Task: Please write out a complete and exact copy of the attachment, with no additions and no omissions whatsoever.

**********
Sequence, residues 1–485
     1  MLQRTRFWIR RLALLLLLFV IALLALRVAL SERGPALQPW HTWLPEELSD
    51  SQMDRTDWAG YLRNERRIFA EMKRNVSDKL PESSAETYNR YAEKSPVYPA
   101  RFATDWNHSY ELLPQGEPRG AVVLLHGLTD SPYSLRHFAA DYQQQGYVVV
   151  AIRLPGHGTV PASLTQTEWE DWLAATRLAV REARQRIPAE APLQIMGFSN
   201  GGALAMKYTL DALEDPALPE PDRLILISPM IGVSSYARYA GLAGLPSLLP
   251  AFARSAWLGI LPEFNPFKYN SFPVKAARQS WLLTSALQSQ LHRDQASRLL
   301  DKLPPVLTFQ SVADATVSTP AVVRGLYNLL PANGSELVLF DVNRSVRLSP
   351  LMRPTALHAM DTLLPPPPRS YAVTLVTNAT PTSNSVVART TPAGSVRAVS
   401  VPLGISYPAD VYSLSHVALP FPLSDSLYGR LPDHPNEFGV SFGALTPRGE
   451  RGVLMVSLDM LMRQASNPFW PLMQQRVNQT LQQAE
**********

Sequence, residues 1–485
     1  MLQRTRFWIR RLALLLLLFV IALLALRVAL SERGPALQPW HTWLPEELSD
    51  SQMDRTDWAG YLRNERRIFA EMKRNVSDKL PESSAETYNR YAEKSPVYPA
   101  RFATDWNHSY ELLPQGEPRG AVVLLHGLTD SPYSLRHFAA DYQQQGYVVV
   151  AIRLPGHGTV PASLTQTEWE DWLAATRLAV REARQRIPAE APLQIMGFSN
   201  GGALAMKYTL DALEDPALPE PDRLILISPM IGVSSYARYA GLAGLPSLLP
   251  AFARSAWLGI LPEFNPFKYN SFPVKAARQS WLLTSALQSQ LHRDQASRLL
   301  DKLPPVLTFQ SVADATVSTP AVVRGLYNLL PANGSELVLF DVNRSVRLSP
   351  LMRPTALHAM DTLLPPPPRS YAVTLVTNAT PTSNSVVART TPAGSVRAVS
   401  VPLGISYPAD VYSLSHVALP FPLSDSLYGR LPDHPNEFGV SFGALTPRGE
   451  RGVLMVSLDM LMRQASNPFW PLMQQRVNQT LQQAE